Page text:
Clarifying the spectrum of driver oncogene mutations in biomarker-verified squamous carcinoma of lung: Lack of EGFR/KRAS and presence of PIK3CA/AKT1 mutations

Natasha Rekhtman, Paul K. Paik, Maria E. Arcila, Laura J. Tafe, Geoffrey R. Oxnard, Andre L. Moreira, William D. Travis, Maureen F. Zakowski, Mark G. Kris, Marc Ladanyi

Research output: Contribution to journalArticlepeer-review

326 Scopus citations

Abstract

Purpose: There is persistent controversy as to whether EGFR and KRAS mutations occur in pulmonary squamous cell carcinoma (SQCC). We hypothesized that the reported variability may reflect difficulties in the pathologic distinction of true SQCC from adenosquamous carcinoma (AD-SQC) and poorly differentiated adenocarcinoma due to incomplete sampling or morphologic overlap. The recent development of a robust immunohistochemical approach for distinguishing squamous versus glandular differentiation provides an opportunity to reassess EGFR/KRAS and other targetable kinase mutation frequencies in a pathologically homogeneous series of SQCC. Experimental Design: Ninety-five resected SQCCs, verified by immunohistochemistry as DNp63 +/TTF-1 -, were tested for activating mutations in EGFR, KRAS, BRAF, PIK3CA, NRAS, AKT1, ERBB2/HER2, and MAP2K1/MEK1. In addition, all tissue samples from rare patients with the diagnosis of EGFR/KRAS-mutant "SQCC" encountered during 5 years of routine clinical genotyping were reassessed pathologically. Results: The screen of 95 biomarker-verified SQCCs revealed no EGFR/KRAS [0%; 95% confidence interval (CI), 0%-3.8%], four PIK3CA (4%; 95% CI, 1%-10%), and one AKT1 (1%; 95% CI, 0%-5.7%) mutations. Detailed morphologic and immunohistochemical reevaluation of EGFR/KRAS-mutant "SQCC"identified during clinical genotyping (n = 16) resulted in reclassification of 10 (63%) cases as AD-SQC and five (31%) cases as poorly differentiated adenocarcinoma morphologically mimicking SQCC (i.e., adenocarcinoma with "squamoid" morphology). One (6%) case had no follow-up. Conclusions: Our findings suggest that EGFR/KRAS mutations do not occur in pure pulmonary SQCC, and occasional detection of these mutations in samples diagnosed as "SQCC" is due to challenges with the diagnosis of AD-SQC and adenocarcinoma, which can be largely resolved by comprehensive pathologic assessment incorporating immunohistochemical biomarkers.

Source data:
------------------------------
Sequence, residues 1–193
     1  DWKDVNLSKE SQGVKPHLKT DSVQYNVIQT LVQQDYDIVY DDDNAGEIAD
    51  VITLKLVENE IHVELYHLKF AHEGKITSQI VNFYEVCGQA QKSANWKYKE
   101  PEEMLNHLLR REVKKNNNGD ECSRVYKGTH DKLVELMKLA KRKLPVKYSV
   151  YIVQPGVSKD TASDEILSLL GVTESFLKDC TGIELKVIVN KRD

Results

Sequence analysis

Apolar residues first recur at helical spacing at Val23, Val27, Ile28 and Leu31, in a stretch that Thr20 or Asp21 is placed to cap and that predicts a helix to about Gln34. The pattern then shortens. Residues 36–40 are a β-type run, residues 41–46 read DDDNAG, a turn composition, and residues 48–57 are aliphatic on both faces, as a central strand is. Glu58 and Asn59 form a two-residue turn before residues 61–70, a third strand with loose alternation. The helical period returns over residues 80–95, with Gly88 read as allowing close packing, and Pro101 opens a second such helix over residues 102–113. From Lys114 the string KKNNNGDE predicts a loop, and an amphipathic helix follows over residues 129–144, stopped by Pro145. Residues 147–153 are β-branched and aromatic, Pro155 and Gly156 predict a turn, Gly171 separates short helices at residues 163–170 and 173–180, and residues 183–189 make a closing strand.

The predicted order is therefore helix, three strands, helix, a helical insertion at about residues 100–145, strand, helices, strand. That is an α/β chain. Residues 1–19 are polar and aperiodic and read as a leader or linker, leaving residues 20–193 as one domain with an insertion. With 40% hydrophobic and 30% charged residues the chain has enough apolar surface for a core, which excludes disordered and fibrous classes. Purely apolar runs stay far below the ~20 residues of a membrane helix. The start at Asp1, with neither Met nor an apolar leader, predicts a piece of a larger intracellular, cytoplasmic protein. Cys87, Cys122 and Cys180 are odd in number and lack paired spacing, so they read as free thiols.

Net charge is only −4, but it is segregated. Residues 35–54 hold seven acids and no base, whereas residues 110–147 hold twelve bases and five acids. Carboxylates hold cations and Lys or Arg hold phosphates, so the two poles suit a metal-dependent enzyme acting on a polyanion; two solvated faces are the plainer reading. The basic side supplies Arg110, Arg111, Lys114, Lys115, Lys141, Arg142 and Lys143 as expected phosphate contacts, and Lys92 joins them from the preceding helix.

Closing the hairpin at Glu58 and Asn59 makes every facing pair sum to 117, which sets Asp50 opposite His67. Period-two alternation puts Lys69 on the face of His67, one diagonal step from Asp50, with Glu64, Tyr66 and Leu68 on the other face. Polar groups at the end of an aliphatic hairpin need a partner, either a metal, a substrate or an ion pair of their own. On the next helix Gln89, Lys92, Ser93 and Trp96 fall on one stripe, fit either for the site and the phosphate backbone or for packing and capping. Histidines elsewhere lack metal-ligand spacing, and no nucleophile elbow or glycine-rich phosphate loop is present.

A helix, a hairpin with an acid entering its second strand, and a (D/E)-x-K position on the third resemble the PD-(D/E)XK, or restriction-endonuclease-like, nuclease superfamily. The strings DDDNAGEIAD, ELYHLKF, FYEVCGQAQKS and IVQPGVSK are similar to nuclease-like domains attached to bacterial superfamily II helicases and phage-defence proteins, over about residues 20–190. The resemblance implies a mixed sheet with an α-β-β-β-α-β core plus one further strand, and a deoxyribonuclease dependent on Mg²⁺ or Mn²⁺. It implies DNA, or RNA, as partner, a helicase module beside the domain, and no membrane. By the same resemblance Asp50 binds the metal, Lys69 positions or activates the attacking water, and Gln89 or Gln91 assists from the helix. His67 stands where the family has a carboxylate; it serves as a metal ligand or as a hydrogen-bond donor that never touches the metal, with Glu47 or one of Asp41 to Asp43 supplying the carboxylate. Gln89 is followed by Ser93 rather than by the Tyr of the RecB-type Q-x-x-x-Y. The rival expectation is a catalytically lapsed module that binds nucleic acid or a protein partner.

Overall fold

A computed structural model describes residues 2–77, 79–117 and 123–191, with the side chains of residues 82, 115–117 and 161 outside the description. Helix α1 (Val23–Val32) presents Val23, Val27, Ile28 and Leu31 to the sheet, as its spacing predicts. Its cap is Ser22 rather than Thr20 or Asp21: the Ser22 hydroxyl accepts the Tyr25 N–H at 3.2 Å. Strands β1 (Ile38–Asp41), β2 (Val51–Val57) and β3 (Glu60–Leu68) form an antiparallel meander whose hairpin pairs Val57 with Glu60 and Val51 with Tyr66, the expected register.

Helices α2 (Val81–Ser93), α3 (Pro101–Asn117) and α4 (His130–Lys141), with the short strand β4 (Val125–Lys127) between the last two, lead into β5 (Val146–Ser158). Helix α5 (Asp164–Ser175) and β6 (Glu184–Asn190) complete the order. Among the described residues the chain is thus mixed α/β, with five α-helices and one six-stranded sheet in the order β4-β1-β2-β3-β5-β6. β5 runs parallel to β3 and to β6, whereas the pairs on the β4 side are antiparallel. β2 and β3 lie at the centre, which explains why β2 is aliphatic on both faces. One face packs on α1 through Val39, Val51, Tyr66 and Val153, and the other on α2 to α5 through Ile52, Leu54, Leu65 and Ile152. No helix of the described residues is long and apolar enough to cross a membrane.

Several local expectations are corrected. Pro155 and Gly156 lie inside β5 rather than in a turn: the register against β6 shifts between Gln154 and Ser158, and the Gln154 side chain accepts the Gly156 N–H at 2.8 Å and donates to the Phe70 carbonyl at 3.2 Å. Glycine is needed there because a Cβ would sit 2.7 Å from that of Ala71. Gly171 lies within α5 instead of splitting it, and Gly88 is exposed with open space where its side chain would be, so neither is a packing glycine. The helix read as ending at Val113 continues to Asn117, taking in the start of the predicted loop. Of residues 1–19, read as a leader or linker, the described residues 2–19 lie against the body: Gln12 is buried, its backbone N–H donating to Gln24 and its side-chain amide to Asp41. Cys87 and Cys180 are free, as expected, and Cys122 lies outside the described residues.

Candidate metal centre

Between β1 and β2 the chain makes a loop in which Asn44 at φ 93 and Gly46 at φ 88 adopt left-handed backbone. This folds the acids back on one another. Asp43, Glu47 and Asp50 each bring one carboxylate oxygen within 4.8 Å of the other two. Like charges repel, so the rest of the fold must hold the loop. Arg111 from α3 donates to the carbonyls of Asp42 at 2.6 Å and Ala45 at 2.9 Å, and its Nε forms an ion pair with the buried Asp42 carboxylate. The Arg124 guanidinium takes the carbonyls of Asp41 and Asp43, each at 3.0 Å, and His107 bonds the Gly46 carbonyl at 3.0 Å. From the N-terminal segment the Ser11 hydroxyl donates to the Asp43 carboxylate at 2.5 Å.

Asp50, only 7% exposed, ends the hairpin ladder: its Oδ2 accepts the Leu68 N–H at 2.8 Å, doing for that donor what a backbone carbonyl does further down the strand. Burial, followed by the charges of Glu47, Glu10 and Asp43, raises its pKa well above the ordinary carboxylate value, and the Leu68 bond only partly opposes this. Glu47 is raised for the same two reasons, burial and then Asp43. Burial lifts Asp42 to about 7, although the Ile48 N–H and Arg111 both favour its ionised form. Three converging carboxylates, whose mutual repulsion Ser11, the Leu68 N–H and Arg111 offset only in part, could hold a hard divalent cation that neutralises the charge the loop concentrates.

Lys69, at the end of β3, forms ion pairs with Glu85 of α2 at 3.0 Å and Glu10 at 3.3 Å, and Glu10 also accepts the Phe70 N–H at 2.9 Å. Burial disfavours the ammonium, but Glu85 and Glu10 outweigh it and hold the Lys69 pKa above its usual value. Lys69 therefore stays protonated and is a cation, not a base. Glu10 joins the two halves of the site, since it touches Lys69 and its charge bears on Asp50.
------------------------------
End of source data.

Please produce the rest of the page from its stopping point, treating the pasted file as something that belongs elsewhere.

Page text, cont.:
Original languageEnglish
Pages (from-to)1167-1176
Number of pages10
JournalClinical Cancer Research
Volume18
Issue number4
DOIs
StatePublished - 15 Feb 2012
Externally publishedYes

Fingerprint

Dive into the research topics of 'Clarifying the spectrum of driver oncogene mutations in biomarker-verified squamous carcinoma of lung: Lack of EGFR/KRAS and presence of PIK3CA/AKT1 mutations'. Together they form a unique fingerprint.

Cite this